The terms of the Committee’s March 28, 2023 subpoena compel you to produce in unredacted form “[t]he Dissent Channel cable sent on or about July 13, 2021, reportedly signed by 23 State Department officials and the official response to it” to the Committee – not merely its Chairman and Ranking Member. The accommodation necessary to satisfy the subpoena, is for the Department to provide all Committee Members access to the documents as soon as practicable.
Congressional oversight is a power vested under Article I of the Constitution. Here, the consideration of potential future legislation to prevent similar catastrophes is an important part of the Committee’s oversight efforts. To allow two Committee Members out of 51 the opportunity to review these documents obstructs such legislative efforts. Therefore, as soon as possible, but no later than June 9, 2023, please arrange with Committee staff to provide all Committee Members access to view the Dissent Channel cable and official response.
I am, of course, sensitive to concerns regarding the protection of the identities of cable signatories. The dissenting officials provided an invaluable service for their country and merit appropriate recognition, whether in public or private in accordance with their individual wishes. For that reason, I do not object to continued redaction of signatories’ names. However, to the extent the Department is concerned that cooperating with congressional oversight could somehow chill candor in future dissent channels, I respectfully disagree. If brave and dedicated officials are disincentivized to provide their honest and candid assessments in future communications with Department leadership, it will be because the Administration failed to heed their warnings in July 2021 and not because Congress seeks a full accounting for the American people.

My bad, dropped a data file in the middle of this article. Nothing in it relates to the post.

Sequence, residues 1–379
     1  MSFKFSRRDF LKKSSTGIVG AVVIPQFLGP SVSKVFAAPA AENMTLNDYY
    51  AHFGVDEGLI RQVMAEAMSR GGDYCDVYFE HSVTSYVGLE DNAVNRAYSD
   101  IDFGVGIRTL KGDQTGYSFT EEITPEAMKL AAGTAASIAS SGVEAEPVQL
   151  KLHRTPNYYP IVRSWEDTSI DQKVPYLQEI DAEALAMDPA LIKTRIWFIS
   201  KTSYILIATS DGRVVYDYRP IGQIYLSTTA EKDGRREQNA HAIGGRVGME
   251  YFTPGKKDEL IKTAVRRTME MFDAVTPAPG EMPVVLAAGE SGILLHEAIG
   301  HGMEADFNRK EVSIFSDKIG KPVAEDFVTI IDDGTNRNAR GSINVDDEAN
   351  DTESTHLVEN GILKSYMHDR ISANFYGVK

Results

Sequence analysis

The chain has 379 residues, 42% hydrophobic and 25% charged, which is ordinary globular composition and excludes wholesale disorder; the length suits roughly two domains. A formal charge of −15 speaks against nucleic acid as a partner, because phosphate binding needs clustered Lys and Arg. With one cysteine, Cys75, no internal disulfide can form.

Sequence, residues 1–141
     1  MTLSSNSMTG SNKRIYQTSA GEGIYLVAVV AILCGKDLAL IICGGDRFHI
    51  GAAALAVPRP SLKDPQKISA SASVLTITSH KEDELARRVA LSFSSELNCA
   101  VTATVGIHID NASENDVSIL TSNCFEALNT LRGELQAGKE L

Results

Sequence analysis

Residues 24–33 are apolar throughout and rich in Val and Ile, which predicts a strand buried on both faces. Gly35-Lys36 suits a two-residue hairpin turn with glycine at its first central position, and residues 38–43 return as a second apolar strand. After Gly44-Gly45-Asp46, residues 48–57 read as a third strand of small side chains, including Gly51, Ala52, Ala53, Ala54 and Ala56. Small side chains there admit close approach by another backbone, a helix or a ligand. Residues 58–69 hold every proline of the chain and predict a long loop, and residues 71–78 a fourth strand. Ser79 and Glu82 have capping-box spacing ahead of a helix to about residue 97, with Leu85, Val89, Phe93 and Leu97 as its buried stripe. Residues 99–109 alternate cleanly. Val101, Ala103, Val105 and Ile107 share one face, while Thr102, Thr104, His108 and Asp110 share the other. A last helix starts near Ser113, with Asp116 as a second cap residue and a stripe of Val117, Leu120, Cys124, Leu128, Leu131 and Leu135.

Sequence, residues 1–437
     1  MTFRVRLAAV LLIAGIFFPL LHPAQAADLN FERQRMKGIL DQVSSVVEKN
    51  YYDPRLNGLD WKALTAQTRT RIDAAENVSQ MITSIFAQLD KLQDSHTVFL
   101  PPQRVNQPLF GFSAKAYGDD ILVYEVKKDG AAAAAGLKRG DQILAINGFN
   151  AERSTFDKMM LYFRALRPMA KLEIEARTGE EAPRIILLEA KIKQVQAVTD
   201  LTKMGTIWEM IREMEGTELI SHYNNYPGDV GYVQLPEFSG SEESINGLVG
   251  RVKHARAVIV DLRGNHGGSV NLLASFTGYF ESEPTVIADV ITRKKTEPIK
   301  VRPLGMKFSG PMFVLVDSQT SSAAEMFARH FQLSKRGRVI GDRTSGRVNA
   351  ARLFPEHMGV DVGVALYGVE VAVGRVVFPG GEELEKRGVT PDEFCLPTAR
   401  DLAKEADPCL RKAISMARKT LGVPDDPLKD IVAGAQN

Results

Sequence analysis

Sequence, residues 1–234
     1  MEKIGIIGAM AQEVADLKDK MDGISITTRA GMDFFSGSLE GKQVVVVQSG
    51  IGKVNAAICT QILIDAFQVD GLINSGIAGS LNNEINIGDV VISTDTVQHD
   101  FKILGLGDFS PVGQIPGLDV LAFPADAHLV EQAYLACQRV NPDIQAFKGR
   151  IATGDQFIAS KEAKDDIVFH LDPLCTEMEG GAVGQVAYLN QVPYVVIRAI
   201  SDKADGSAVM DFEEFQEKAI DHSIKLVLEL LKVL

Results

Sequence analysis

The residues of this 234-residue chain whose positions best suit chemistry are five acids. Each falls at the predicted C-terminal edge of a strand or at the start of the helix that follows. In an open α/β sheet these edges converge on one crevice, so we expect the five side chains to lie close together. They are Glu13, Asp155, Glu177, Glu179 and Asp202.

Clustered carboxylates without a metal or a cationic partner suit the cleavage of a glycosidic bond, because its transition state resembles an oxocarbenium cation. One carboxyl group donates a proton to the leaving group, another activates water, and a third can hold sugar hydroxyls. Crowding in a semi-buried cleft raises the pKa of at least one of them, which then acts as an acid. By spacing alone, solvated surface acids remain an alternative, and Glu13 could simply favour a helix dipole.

While I paused efforts to enforce the Committee’s subpoena pending my review of the documents, I did so with the express stipulations that the subpoena remains in full force and effect, and that acceptance of this accommodation did not waive any of the Committee’s rights. Should the Department continue to refuse to provide the entire Committee the same opportunity Ranking Member Meeks and I had to review these documents, I will need to revisit my current position.
The Department waited nearly two years after the disastrous Afghanistan withdrawal to provide just two Members of Congress with access to documents showing the dire warnings by career officials that went unheeded, with tragic consequences. I strongly urge you to do the right thing and provide access to the documents to all Committee members and to the American people. On this Memorial Day, all Americans – particularly Afghanistan veterans and Gold Star families – deserve a full and complete accounting of the Administration’s actions. Based on my review of the documents, I do not believe there is an adequate basis for them to be classified or that their release would have any negative impact on national security. To the contrary, their release would be first step in restoring Americans’ trust with the Administration’s foreign policy decisions.
We look forward to your prompt reply.